Wednesday, April 30, 2008

Leahs Coconut Jerked Shrimp

Now if you haven’t yet made your own coconut shrimp, this recipe couldn’t be easier. I adore coconut shrimp, and since it is so easy to make at home, I can save my money on something else with the way prices are soring these days from everything like eggs to gas. This is great to make as a party appetizer as well!


  • 4-6 shrimp per person- deveined, cleaned, shells removed, tails intact
  • 2 large eggs
  • 1/8 cup corn starch
  • 1/2 cup all purpose flour
  • 4 good shakes of red chili peppers
  • 2-3 tablespoons jerk seasonings
  • 1 teaspoon freshly cracked tri-colored pepper
  • 1/4 to1/2 cup water
  • 1-2 cups of shredded coconut, spread out in shallow pan
  • Vegetable oil to fry shrimp in
  • wax paper and plate or plater that can go into freezer
  • paper towels for draining shrimp after cooking
  • Fresh lemon wedges to serve with shrimp
  • Dipping sauce of your choosing – I used my ‘Best Homemade Tartar Sauce’ (already posted)

  1. After cleaning shrimp, drain and place on paper towels to pat shrimp dry.
  2. In Bowl, put all other ingredients except coconut to make batter, With whisk, stir till all well combined. Let sit for five minutes so ingredients can ‘get to know’ one another. If batter is too thick, you may add more water to thin it out, it should be less thick than pancake batter, yet not thin like crepe batter.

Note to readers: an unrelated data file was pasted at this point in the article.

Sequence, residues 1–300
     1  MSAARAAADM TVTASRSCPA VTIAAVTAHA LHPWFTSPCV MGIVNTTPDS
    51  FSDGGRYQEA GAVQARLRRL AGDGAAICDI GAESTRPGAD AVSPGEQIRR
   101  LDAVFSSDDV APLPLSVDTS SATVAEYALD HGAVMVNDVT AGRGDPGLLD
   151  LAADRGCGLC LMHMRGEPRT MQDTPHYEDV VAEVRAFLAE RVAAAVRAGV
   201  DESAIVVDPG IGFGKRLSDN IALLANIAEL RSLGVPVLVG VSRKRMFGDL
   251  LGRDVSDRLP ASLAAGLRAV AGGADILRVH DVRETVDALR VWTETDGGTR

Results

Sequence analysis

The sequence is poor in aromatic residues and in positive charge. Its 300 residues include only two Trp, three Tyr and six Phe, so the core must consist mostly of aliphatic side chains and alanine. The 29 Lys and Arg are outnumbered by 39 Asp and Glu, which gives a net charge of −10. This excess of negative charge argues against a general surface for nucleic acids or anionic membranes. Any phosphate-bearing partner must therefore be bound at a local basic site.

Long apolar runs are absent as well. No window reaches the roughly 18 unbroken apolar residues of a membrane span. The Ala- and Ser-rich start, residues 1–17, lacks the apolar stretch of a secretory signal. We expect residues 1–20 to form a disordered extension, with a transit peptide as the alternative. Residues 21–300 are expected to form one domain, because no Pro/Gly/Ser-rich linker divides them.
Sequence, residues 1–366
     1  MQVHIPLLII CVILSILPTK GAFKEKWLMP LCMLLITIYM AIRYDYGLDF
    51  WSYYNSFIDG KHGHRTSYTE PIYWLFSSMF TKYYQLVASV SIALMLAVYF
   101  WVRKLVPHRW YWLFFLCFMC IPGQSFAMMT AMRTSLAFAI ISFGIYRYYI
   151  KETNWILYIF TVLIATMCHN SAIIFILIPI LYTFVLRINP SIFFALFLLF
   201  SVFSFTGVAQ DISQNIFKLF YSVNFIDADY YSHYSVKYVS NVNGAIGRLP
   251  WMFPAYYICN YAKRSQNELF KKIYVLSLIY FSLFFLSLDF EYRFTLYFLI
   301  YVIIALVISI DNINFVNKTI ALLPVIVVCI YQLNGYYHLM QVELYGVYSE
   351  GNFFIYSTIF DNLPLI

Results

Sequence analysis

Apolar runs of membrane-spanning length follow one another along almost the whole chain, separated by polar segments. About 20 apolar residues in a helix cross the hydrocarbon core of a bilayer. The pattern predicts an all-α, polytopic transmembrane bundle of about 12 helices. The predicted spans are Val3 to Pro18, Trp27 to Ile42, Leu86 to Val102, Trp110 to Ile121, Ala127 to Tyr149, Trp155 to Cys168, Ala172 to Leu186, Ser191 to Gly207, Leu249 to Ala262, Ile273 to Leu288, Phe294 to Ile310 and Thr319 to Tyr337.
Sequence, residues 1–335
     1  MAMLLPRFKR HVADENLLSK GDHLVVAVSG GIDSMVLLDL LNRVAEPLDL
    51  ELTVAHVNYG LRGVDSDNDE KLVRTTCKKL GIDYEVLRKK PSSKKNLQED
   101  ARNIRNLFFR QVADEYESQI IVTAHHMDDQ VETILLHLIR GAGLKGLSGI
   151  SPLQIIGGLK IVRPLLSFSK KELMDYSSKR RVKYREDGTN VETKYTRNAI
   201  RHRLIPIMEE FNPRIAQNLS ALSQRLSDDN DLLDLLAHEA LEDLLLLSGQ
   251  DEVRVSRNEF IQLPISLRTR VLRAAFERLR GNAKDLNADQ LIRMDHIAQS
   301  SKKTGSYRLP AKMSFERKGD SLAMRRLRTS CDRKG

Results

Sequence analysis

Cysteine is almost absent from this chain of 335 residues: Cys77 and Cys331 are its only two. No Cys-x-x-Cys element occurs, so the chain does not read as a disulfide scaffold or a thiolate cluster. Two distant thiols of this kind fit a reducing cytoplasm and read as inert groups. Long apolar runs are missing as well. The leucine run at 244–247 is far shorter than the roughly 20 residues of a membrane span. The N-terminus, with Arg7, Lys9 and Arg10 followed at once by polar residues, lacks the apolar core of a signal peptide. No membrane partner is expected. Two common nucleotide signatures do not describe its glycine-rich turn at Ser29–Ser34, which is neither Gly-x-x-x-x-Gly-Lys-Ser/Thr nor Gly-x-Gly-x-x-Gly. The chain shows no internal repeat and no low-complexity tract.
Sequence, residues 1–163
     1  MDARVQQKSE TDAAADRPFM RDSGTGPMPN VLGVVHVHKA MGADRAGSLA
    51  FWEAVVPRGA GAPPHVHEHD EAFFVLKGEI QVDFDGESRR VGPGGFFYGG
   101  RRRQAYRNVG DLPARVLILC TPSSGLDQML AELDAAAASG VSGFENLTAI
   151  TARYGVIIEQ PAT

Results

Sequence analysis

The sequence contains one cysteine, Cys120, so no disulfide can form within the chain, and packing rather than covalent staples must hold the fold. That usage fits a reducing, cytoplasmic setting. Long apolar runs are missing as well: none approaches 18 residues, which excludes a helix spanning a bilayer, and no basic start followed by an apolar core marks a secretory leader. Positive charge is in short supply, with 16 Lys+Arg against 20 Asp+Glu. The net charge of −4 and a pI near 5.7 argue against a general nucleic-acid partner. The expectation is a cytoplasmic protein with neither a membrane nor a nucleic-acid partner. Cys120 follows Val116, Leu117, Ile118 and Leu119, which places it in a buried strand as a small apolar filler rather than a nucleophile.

3. Line your plate or platter that will go into freezer with wax paper and place next to bowl with coconut.
  4. Dip shrimp holding to tail into batter, let excess drip off, then place battered shrimp into coconut. Flip over once, so that coconut has coated shrimp. Use fingers to gently throw coconut onto batter on shrimp to coat.
  5. Next place shrimp onto waxed paper. Continue with all other shrimp.
  6. Once compete, place coated shrimp that is sitting on platter with wax paper into freezer to ‘set up’ for one hour or more.
  7. I used my wok to fry the shrimp since it would allow me to fry six at a time – have at least 1/2 inch of oil.
  8. Heat up oil to 350 degrees – or to test if oil is hot enough, place a small cube of bread in, and see that it browns quickly.
  9. Cooking times may vary depending upon size of shrimp you are using.
  10. So add shrimp carefully to hot oil, and let cook for about 4 minutes on each side depending upon the size of your shrimp – the shrimp I cooked were the colossal sized ones and extra huge, so you may want to adjust the time accordingly.
  11. Once each shrimp is done, using tongs or slotted spoon, take out of hot oil, let drain a bit and then place on paper towels on a plate to further drain.
  12. Serve your shrimp up with fresh lemon wedges and your dipping sauces could be anything from a mustard apricot jam concoction, to my tarter sauce (already posted) which is what I did. This dish I served last night also includes with Notyourmomma’s Garlic French Fries with added rosemary and Leah’s French Fried Onion Circles (just posted) as photo shows.